A new United Nations report has reconfirmed the link between the conflict and opium in Myanmar with the insecure areas with active insurgencies remains ‘safe haven’ for drug traders with opium produce at levels similar to 2015.
The Myanmar Opium Survey 2017 released on Wednesday by UN Office on Drugs and Crime (UNODC), however, found the total area of opium poppy cultivation in the country has decreased significantly in 2017 to 41,000 hectares, down 25% from the 55,500 recorded in 2015.
The reductions have been most significant in East Shan with a drop of 37% and South Shan with a drop of 29%.
“Myanmar has taken important steps to address opium cultivation, especially in South Shan where we are running a programme together,” said Troels Vester, Country Manager of the UNODC.
But, the report also revealed that while progress has been made, North Shan and Kachin states have seen reductions of less than 3% and 7%, which on the ground amounts to a decrease of only 600 hectares in total.
“As long as significant parts of Shan and Kachin remain unstable and basically autonomous from the rest of the country and region, the environment will remain a safe haven for those who run the drug trade,” said UNODC Regional Representative Jeremy Douglas.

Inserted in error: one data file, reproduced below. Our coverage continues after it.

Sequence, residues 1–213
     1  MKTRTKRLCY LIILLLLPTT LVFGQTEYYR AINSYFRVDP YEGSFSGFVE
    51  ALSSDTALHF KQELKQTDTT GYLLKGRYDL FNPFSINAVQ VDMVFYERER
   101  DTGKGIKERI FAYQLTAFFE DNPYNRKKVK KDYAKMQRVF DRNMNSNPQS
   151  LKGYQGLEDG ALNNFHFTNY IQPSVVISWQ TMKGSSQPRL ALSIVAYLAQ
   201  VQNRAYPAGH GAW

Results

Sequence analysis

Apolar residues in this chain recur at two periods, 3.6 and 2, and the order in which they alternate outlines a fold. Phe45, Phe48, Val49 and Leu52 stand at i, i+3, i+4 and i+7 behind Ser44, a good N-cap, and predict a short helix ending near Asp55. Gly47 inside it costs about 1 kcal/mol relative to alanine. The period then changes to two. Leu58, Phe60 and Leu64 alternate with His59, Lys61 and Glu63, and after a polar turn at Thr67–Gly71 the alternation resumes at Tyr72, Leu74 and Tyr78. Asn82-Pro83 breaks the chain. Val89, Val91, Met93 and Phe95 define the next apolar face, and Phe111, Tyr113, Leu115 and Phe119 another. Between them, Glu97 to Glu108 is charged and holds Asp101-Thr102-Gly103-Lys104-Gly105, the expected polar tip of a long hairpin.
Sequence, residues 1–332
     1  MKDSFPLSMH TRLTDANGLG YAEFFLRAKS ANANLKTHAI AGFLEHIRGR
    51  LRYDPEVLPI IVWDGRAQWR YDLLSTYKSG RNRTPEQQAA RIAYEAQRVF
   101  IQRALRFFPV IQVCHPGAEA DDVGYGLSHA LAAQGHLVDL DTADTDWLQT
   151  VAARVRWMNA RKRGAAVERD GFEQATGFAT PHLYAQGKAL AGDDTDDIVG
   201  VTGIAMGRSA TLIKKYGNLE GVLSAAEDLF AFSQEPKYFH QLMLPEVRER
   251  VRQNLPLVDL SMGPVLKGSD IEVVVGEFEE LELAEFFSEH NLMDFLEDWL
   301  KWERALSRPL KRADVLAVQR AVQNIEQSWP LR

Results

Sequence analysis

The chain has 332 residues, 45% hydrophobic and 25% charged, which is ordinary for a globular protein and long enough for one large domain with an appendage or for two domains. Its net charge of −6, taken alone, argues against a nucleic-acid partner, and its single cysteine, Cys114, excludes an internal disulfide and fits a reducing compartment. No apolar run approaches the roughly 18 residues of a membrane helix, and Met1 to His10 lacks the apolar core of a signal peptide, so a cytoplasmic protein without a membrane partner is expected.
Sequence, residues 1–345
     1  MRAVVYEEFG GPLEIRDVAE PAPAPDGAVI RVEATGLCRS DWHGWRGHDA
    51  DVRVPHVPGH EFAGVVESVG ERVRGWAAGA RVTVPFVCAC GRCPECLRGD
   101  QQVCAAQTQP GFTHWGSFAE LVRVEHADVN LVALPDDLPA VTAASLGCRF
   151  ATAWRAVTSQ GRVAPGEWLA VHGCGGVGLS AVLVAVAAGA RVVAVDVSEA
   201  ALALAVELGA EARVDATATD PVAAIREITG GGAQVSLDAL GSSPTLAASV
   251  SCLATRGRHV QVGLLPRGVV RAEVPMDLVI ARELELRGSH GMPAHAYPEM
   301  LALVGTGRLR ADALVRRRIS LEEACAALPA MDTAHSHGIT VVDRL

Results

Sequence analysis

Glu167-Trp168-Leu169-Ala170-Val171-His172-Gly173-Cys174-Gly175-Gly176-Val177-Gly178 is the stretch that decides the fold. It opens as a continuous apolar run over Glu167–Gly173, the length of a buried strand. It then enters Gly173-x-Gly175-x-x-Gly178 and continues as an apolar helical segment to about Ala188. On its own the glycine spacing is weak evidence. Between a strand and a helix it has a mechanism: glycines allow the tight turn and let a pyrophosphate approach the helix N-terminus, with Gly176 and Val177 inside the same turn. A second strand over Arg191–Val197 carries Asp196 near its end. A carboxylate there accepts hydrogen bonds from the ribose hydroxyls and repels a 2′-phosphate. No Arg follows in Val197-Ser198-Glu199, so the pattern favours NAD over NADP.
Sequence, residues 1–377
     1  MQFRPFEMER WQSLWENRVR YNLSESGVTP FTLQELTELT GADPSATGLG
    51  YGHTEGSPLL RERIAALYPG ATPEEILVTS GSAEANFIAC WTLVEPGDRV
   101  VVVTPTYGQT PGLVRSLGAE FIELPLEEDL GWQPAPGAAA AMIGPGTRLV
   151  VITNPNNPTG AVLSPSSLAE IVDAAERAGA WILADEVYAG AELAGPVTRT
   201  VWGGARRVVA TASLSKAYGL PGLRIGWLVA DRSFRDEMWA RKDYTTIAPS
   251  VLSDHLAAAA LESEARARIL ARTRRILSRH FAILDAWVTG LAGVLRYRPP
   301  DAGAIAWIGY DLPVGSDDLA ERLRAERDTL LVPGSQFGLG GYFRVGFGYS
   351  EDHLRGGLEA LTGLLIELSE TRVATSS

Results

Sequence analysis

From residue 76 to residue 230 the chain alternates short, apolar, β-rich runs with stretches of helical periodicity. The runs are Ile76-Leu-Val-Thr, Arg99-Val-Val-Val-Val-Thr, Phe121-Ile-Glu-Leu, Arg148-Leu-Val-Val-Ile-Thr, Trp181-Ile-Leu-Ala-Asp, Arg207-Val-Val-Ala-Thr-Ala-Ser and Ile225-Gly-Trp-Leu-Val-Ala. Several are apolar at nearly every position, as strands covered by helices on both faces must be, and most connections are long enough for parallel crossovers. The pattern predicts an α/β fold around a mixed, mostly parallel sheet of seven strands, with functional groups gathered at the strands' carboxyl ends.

The decline in opium cultivation occurs against the backdrop of a changing regional drug market that has seen a fall in opium and heroin prices over recent years, as most countries in East and Southeast Asia report a shift toward synthetic drugs and especially methamphetamine.
UNODC stated that there is still a huge amount of work to be done and sustained support will be critical to its efforts.
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